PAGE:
As a recording manager and record producer, Mitch Miller nurtured the talents of some of the biggest names in American music – Tony Bennett, Frankie Laine, Johnnie Ray, Doris Day, Rosemary Clooney – and he made the US Columbia label the biggest in the country. For several years in the 1950s, he was the most important figure in the record industry and many younger talents followed his example and learnt how to produce records.
Mitch Miller was born in Rochester, New York on 4 July 1911, one of five children to Abram Calmen Miller, a Russian immigrant and foundry worker, and his wife, Hinda Rosenblum, a dressmaker. As a child, Miller was recognised as a gifted pianist, but he switched to oboe and at 15 he was playing with the Syracuse Symphony Orchestra. He won a scholarship to the Eastman School of Music and graduated in 1932. Years later, when the school wished to create the Miller Atrium in his honour, he insisted it was named for his parents.
Moving to New York City, Miller was in the pit orchestra for the Broadway premiere of Porgy and Bess (1935), later touring with its composer, George Gershwin. He was with the CBS Symphony Orchestra when they performed the score for Orson Welles' controversial broadcast of The War of the Worlds (1938).
Miller became a record producer in the 1940s, first with Mercury Records and then, in 1950, with Columbia. He still played the oboe from time to time, notably on some of Charlie Parker's recordings for Mercury in 1949 including "April in Paris" and "Summertime".
Although big-band singing was the order of the day, he wanted to make records with small groups of musicians if that suited the song. In 1949, he took "Mule Train" from a little-known Western, Singing Guns, and gave it to Frankie Laine. Laine's bellowing performance was accompanied by Miller himself adding the whip-cracks. "We only had a few musicians – accordion, rhythm, string bass," said Miller, "so I was too embarrassed to put my name on it as conductor." Two years later, Miller paired Laine with some throbbing guitars for "Jezebel". "I liked working with Mitch very much," Laine once told me. "He liked to arm wrestle before we started recording."
Miller knew Frank Sinatra well, sometimes being the conductor on his radio programme, Your Hit Parade. He made some excellent records with Sinatra, including "American Beauty Rose" and "I've Got a Crush on You", but in 1950 Miller wanted Sinatra to record "The Roving Kind" and "My Heart Cries for You" (which had been written by Miller's orchestrator, Percy Faith). "I don't sing this crap," said Sinatra, leaving Miller with two problems: what would satisfy Sinatra and who would sing the songs. Rather than cancel the session, Miller asked the up-and-coming Guy Mitchell to step in, and both songs made the US Top 10. Sinatra found success by reviving "Nevertheless (I'm in Love with You)", but the following year he made his worst record, "Mama Will Bark", with the TV personality Dogmar, and he resolved to get away from Miller as quickly as he could.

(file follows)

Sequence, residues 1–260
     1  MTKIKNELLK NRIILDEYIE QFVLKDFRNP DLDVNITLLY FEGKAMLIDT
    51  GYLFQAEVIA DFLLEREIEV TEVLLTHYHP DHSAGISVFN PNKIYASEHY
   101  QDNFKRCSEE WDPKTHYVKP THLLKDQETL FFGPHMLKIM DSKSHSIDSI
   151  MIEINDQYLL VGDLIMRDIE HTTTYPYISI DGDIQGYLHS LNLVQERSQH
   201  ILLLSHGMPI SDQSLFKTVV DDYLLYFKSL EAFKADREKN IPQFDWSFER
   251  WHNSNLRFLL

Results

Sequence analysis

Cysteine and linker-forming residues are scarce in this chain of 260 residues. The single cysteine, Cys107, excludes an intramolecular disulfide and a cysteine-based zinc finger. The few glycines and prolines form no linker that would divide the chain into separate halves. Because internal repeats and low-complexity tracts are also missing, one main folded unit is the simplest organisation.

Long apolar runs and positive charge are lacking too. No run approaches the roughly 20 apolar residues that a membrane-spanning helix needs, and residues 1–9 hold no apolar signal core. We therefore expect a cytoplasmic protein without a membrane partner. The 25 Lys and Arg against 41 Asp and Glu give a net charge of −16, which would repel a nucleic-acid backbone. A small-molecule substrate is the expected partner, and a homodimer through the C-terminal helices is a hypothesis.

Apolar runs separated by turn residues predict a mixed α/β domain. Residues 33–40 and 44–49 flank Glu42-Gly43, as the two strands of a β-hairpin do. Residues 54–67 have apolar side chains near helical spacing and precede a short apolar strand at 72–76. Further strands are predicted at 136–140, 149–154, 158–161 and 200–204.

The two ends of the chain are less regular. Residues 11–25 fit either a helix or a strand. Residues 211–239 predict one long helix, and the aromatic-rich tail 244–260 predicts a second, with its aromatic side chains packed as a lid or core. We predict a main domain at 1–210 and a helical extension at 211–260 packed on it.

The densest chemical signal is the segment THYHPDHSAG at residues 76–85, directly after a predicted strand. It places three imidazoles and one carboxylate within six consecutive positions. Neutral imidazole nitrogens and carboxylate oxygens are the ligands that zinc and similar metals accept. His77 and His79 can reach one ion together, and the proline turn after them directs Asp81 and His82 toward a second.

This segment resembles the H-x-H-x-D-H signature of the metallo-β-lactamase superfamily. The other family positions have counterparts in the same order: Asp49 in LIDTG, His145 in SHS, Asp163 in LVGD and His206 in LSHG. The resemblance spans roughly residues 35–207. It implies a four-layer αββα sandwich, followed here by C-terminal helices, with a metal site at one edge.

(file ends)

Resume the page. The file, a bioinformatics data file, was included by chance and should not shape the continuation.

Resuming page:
Frank Sinatra notwithstanding, Miller had an exceptional talent for matching the singer with the song. The UK record charts started in November 1952 and 8 of the first 25 No 1s were produced by Miller: "Comes A-Long A-Love" (a song Kay Starr had no time for), "She Wears Red Feathers" (a cheerful novelty about a London banker from Mitchell), "I Believe" (the ultimate religious power-ballad from Laine), "Look At That Girl" (for Mitchell, who had just married a Miss USA), "Hey Joe" (one of several examples of Miller turning a country song into a pop hit, this time for Laine), "Answer Me" (another religious song for Laine), "Such a Night" (Johnnie Ray's recording was banned by the BBC for its suggestiveness) and "This Ole House" (a novelty hit for Rosemary Clooney, later revived by Shakin' Stevens). He also found and produced Patti Page's "(How Much Is) That Doggie in the Window", a UK No 1 for Lita Roza.